This approach avoids the possibility of negotiations with every policyholder, which could be time-consuming and costly given the number of policyholders, and also provides a uniform estimation methodology which applies to all. The North Atlantic scheme has received overwhelming support from policyholders, and, in particular, US policyholders have accepted estimation as a means of bringing older run-offs to a close.
The North Atlantic website (
www.northatlanticinsurance.co.uk ) contains both public areas and a series of secure areas, each one accessible only to a specified policyholder with appropriate user identity and password. These latter areas contain a series of screens allowing policyholders to add to North Atlantic's data and to submit claims in sufficient detail to assist the scheme actuary's estimation.
The exercise of circulating policy and some claim information to policyholders is key to an estimation scheme. In previous cases this exercise has been undertaken manually on paper forms, resulting in highly labour intensive new data inputting and results analysis. In contrast, the North Atlantic web-based system is demonstrably more efficient and less costly than any paper equivalent.
The advantages for policyholders include a user-friendly environment that enables multiple submissions for business placed through different agents.
For North Atlantic and its scheme administrators there is a unified format for responses which, with a direct link to core systems, avoids inputting new information with the inevitable risk of transcription errors. It also avoids having to interpret handwritten comments or amendments on paper forms. Control of claims verification is improved, as is the flow of management information as the responses of policyholders are received.
As ever, the proof of the pudding is in the eating. North Atlantic is awaiting 30 April 2003, the final date for policyholders to submit information and claims.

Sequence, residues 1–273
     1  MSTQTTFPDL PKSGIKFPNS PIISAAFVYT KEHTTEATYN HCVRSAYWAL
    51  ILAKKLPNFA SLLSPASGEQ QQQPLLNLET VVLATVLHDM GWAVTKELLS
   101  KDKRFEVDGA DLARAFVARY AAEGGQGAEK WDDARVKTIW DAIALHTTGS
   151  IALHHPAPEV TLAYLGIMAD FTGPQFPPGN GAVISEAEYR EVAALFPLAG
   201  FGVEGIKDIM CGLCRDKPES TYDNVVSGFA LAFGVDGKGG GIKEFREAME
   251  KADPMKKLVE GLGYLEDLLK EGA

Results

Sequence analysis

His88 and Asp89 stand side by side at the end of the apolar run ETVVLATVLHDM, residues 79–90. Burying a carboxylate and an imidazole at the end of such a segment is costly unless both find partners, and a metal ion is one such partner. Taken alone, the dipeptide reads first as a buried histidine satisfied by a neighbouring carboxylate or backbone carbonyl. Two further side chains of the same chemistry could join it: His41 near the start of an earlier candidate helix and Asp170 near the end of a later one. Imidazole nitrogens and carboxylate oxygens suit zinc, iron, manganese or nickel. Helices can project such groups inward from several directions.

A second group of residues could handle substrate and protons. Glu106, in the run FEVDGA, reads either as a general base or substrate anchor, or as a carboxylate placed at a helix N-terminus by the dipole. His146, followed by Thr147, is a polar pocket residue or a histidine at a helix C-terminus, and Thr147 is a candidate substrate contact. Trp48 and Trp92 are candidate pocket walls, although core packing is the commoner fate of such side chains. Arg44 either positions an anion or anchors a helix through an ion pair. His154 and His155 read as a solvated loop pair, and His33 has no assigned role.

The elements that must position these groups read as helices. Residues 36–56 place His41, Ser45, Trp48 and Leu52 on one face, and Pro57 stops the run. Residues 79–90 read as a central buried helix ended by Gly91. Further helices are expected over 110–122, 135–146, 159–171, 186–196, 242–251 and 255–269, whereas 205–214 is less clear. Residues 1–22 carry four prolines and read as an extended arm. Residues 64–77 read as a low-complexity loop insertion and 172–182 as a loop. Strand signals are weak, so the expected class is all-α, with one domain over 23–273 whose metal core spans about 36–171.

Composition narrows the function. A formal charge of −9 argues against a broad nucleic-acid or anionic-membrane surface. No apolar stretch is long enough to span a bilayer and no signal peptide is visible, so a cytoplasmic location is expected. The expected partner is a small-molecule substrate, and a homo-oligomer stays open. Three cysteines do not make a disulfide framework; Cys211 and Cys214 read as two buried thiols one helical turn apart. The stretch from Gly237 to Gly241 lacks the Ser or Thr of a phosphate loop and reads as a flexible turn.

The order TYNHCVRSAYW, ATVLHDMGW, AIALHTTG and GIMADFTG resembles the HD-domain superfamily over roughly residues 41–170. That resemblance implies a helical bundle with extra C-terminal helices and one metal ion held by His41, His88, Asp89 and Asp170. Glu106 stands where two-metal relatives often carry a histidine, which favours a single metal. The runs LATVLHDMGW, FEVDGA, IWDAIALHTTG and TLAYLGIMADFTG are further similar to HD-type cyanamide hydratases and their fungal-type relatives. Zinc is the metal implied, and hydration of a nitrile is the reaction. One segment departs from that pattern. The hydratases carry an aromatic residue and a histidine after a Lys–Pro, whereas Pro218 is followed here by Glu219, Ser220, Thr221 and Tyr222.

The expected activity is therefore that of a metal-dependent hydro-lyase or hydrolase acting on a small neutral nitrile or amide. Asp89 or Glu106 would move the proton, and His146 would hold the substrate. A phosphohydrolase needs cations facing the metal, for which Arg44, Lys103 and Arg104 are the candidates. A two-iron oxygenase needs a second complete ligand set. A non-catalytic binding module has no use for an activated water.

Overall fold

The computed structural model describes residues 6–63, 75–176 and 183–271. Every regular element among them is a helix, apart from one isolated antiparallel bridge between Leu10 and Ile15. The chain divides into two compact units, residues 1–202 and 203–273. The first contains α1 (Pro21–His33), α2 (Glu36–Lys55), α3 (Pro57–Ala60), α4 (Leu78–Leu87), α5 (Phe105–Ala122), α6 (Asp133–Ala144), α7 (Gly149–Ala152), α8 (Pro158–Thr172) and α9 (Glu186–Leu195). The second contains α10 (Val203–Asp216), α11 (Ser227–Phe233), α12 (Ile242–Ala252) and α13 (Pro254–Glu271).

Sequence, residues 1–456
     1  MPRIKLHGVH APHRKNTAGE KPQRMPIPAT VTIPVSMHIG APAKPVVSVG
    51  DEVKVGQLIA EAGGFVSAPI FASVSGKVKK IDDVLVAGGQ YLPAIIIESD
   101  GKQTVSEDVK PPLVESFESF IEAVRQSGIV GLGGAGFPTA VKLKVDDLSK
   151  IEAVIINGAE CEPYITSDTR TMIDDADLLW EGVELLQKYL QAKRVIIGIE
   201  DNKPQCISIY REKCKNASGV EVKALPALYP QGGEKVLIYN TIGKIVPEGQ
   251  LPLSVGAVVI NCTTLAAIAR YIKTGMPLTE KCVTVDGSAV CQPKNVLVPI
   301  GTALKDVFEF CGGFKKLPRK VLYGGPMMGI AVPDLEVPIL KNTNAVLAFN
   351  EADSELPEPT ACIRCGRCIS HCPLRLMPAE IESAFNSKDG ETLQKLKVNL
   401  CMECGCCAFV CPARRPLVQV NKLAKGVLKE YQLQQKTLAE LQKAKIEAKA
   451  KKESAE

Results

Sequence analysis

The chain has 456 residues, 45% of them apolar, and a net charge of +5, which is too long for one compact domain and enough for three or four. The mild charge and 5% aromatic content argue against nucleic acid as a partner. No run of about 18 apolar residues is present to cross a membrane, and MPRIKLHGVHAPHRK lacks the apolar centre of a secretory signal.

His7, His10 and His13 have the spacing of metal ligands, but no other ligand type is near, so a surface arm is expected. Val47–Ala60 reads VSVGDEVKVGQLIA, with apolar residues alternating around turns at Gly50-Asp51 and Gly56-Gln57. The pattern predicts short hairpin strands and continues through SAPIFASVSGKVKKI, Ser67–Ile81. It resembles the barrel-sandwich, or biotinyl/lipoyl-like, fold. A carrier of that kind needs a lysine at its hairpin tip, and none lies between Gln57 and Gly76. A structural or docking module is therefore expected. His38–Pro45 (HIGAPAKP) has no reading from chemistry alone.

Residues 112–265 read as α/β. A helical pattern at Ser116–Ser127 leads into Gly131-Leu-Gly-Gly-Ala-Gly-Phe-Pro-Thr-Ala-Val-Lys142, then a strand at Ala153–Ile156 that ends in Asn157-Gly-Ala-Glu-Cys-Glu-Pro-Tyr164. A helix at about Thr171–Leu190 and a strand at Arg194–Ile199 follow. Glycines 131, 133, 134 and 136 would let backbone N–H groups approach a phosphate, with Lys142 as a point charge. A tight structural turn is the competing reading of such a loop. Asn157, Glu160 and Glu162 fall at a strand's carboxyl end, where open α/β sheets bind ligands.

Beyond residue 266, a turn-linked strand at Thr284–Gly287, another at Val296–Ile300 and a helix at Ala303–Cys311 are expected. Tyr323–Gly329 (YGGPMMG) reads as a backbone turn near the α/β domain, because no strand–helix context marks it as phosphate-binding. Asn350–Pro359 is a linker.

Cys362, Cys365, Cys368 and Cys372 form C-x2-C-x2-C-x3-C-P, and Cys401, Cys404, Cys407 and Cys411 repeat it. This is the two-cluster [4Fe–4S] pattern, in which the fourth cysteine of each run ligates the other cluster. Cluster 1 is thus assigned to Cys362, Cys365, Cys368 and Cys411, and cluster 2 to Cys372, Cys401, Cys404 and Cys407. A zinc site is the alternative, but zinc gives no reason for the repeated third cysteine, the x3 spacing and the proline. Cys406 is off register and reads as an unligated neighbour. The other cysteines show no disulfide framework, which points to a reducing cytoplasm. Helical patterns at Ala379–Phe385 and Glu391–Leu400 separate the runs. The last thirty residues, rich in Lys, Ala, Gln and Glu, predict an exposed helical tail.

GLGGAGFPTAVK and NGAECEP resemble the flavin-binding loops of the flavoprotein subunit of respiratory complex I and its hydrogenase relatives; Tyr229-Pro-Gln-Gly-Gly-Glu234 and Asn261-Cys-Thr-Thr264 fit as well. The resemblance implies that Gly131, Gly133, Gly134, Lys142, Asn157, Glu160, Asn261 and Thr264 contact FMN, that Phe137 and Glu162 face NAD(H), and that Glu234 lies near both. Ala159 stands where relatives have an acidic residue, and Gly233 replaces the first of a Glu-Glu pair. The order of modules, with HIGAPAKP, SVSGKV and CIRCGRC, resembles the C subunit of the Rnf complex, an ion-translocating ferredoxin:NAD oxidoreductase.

Within North Atlantic's agreed claims and reserves are amounts in respect of policies that may be protected under the Policyholders Protection Act 1975 (PPA), in particular arising from professional indemnity and employers' liability business. Operation of the PPA and its interaction with schemes of arrangement was in the hands of the Policyholders Protection Board (PPB) until
1 December 2001, when these responsibilities passed to the newly formed Financial Services Compensation Scheme Manager.
Whereas an established method involving the PPB in reserving schemes has been developed over the years, prior to the North Atlantic scheme there had not been a cut-off scheme for an insolvent run-off involving FSCS-protected policyholders. For some time a clash of objectives has been identified - the scheme administrators are looking to crystallise all the company's liabilities, collect the remaining assets and pay a final dividend so that the run-off can be completed and the company dissolved. This process necessarily must include putting a present value on future claims from protected policyholders. For professional indemnity policyholders, that may not be too difficult as, with older run-offs such as that for North Atlantic, policies have not only expired but are often well beyond the normal period of extended discovery for new claims to be notified. Given that the original policies are usually written on a claims-made basis, there cannot therefore be any new claims in the future and reserves are for determining any deterioration in known claims (`Incurred But Not Enough'). However, for employers' liability business written on an occurrence basis, there will inevitably be a genuine reserve for IBNR, although this is likely to be calculated on a class basis as it is impossible to determine in advance which policyholder will actually incur the loss in the future.